How to spot a drunk
BRECKENRIDGE – Good thing it was the cops who gave me the booze. I failed the roadside sobriety tests, according to three officers.
Another three who had only done the “follow the pen with your eyes” test also said they would have arrested me. It’s a good thing, too, that I wasn’t driving.
I had volunteered for some tough duty. Essentially, I got paid to drink screwdrivers and play board games, then go through the same field tests motorists are put through when police suspect they’ve been driving under the influence.
While the whole situation sounds humorous, I took away a serious lesson, but I’ll get to that in a second. First, you probably want to hear more about drinking with the cops.
I was one of about 10 volunteers helping Silverthorne Officer Britt Dinsmore and Sheriff’s Deputy Dave Edstrom conduct a class for police officers in Summit County.
Officers learned the proper way to conduct roadside sobriety tests and what clues to look for in determining if someone’s intoxicated. They also learned more academic esoterica such as how alcohol affects human biochemistry and motor functions, and the case law and medical studies that validate what we often euphemistically call at the newspaper, the “How Drunk Are You Really?” tests.
The tests, and drawing a legally justifiable conclusion from them, are not the easiest thing to do, Edstrom explained to the officers over the three-day course.
People have medical conditions that might make them appear drunk when they are not. Some people have no balance. Some people’s eyes have a natural nystagmus, or jerking motion, that could make it look like they’ve been drinking when they haven’t been.
“If you “think’ you see it, it’s probably not there,” Edstrom repeatedly cautioned the officers.
To put the officers to the test, the teachers needed live volunteers – two days’ worth.
Drinking by the numbers
So on a recent Wednesday, Dinsmore picked me up from the office, along with some operators from the county dispatch center, and set to mixing us drinks donated by Porky’s Liquors in Silverthorne.
Vodka was the liquor of choice because of its lack of odor. I mixed mine with orange juice; the ladies had tomato and cranberry juice.
My first surprise came after two drinks in about 90 minutes. Although I felt “with it” and might have gotten behind the wheel of a car in another circumstance, I blew a .063 breath-alcohol content.
For those who don’t know the law, a .05 gets you a driving while ability impaired (DWAI) charge, a .1 gets you a driving under the influence (DUI).
Looking at the digital readout of the portable breath test (PBT) machine will come to mind immediately the next time anyone pleads with me to have “just a drink.”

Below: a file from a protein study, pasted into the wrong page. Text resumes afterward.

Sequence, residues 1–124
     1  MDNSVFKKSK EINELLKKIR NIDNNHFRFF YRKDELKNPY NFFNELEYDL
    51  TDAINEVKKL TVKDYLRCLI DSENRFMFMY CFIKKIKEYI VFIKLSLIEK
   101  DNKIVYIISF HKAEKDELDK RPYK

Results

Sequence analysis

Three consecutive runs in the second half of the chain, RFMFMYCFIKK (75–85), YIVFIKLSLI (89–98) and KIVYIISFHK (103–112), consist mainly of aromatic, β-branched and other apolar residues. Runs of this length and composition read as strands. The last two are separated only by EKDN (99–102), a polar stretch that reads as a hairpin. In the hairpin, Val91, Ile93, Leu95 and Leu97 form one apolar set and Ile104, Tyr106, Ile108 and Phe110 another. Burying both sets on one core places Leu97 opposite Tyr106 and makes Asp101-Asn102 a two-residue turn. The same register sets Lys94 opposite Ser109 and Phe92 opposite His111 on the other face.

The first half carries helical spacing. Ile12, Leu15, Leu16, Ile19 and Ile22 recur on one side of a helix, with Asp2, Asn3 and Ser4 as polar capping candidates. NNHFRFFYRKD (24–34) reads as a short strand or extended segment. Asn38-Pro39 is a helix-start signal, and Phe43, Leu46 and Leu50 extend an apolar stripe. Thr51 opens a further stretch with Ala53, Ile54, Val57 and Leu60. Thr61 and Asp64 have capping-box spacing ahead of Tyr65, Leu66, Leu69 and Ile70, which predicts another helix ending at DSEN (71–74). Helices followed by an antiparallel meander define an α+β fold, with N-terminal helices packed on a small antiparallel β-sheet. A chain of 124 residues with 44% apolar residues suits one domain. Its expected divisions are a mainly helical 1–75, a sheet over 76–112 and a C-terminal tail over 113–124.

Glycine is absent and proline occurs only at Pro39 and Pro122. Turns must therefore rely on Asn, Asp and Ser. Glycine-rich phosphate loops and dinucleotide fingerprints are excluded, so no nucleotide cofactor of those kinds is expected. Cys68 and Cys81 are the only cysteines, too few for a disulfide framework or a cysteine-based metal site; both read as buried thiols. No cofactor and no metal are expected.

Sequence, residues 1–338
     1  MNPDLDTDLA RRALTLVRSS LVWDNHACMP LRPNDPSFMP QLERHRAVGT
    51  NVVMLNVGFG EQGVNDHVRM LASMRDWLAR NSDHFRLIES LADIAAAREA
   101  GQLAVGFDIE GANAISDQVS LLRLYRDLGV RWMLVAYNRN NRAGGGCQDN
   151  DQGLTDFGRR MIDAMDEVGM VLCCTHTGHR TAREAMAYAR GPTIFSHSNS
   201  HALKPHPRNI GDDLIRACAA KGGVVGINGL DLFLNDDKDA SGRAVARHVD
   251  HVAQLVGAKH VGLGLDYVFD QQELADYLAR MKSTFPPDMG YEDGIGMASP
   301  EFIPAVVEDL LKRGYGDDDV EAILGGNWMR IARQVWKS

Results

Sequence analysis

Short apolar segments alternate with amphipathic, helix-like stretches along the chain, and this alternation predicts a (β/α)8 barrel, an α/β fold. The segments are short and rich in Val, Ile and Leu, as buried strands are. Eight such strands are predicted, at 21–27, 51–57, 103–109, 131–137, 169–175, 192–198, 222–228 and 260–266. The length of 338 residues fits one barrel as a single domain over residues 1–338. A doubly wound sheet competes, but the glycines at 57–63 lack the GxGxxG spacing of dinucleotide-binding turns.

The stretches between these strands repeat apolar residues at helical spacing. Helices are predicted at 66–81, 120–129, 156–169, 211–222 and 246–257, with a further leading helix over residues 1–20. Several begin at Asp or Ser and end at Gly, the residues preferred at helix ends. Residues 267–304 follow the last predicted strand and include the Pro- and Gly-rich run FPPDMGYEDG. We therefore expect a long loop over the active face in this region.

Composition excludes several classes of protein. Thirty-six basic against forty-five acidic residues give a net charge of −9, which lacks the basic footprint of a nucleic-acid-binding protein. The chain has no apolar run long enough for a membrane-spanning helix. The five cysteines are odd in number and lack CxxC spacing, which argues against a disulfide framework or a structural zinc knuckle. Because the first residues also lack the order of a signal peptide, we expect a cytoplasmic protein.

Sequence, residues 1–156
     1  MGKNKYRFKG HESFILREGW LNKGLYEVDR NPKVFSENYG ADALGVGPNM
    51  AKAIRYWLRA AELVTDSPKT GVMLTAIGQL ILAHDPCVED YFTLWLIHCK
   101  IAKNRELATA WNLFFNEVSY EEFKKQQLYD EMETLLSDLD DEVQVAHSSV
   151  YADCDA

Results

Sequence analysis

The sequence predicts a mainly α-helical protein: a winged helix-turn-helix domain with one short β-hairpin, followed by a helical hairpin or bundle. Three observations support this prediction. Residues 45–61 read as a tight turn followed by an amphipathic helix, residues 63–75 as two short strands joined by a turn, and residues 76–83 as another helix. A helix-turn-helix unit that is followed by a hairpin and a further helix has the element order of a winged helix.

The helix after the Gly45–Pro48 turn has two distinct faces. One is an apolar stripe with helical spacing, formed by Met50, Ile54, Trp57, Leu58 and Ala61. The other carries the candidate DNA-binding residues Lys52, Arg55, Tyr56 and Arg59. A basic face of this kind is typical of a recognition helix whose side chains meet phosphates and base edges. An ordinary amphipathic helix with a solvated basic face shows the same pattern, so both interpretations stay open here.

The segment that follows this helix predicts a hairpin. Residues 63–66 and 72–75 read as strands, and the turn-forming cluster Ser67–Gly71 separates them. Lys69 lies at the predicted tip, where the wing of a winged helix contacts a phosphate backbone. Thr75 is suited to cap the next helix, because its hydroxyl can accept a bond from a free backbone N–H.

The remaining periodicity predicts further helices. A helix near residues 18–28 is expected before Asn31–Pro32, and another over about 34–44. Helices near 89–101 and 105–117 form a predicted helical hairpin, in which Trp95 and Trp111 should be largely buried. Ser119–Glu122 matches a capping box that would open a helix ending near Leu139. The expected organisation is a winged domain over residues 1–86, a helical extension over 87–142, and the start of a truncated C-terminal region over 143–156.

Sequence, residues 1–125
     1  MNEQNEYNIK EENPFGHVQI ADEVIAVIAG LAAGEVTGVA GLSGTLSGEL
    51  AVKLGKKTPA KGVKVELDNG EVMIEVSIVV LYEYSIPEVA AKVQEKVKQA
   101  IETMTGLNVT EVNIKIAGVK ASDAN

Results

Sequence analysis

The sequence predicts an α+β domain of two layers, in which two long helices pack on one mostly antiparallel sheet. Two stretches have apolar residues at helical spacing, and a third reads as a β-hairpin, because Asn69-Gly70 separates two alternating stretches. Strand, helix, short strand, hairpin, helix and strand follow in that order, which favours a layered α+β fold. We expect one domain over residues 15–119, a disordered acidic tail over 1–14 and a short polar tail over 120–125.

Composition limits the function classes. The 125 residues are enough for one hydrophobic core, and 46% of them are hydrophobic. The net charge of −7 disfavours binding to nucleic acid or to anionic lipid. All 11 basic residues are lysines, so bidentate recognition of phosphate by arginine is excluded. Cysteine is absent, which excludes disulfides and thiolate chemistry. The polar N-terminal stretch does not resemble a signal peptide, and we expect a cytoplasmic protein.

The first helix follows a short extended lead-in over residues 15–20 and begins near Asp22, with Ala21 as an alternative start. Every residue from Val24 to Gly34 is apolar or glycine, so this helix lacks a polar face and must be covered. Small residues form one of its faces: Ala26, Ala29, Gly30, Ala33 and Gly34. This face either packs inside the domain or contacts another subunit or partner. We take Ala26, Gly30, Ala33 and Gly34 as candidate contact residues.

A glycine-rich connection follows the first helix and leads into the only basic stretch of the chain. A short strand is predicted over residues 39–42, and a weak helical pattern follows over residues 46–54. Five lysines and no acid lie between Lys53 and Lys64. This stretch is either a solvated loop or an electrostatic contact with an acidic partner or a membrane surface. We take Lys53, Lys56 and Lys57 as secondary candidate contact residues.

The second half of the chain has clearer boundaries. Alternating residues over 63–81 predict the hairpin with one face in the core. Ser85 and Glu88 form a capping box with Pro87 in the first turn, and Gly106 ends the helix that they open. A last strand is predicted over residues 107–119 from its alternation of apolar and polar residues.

The next surprise came another 90 minutes later, after I’d had a third cocktail. Right before the officers – who’d been in the classroom next door – came in, I blew a .036. I was legal, as far as the numbers go.
Somehow, I had metabolized enough alcohol in three hours to counteract the drinks. This gave me some confidence going into the tests.
My fellow volunteers, however, were going to have to put on a show. Interestingly enough, although we’d had the same number of drinks, two of the women in the test were over .1.
“It’s amazing,” said Ginger Gregory, who blew a .102. “We all had the same amount, and you’re safe and she’s going to jail. Weight, food and metabolism really do make a difference. There’s no telling where you’re at.”
The officers took turns testing us. The main focus of the class is the horizontal gaze nystagmus, or HGN, test.
There are two kinds of muscles in the human eye – a fast-twitch kind that makes eyes snap to objects in view, and a smooth- pursuit kind that allows you to track objects.
Alcohol ruins the function of smooth-pursuit eye muscles, so when you follow that pen, your eyes will jerk if you’ve been drinking.
The other tests were simple balance and coordination challenges such as reciting the alphabet, walking a straight line heel-to-toe, standing on one leg and counting and touching the nose with eyes closed.
After the officers had tested us, they sat down in front of a board and compared notes on each of us. In the end, they had to decide how intoxicated we were and whether they’d arrest us. I was the only one of the five under the limit. By an overwhelming margin, the majority of officers would have arrested us all.
“This is the thing I fear the most,” said Josh Lavardiere, a Breckenridge officer who just completed the police academy this summer. “A DUI arrest means an awful lot of paperwork, and it’s a serious thing that affects people’s lives. We had maybe eight hours of this in the academy. Now I realize I need a lot of practice, need to observe more officers do this.”
Summit County continues to see hundreds of – nearly a thousand – DUIs each year. Despite new transportation alternatives, such as nighttime buses and taxis, despite advertising campaigns and continued news coverage of checkpoints and accidents, the numbers haven’t dropped in the past five years – except when local departments aren’t receiving federal enforcement grants.
According to Bev Gmerek, a coordinator with the Summit Prevention Alliance, who also volunteered in the class, nationwide DUI numbers and accidents are actually up.
Gmerek said, unfortunately, there is a “hardcore” group of drinkers that just doesn’t change. It is these drivers that are estimated to cause 50 percent of alcohol-related traffic fatalities.
Gmerek hopes to be able to do experiments like this with the general public. That might make a difference, she said.
“We really need to educate people about BAC levels,” Gmerek said. “The only way to do that is to get out there to a happy hour and have them blow.”
I’m already sold on the idea. I kept the disposable plastic tube from the PBT test. I’ll keep it in my car just as a reminder.
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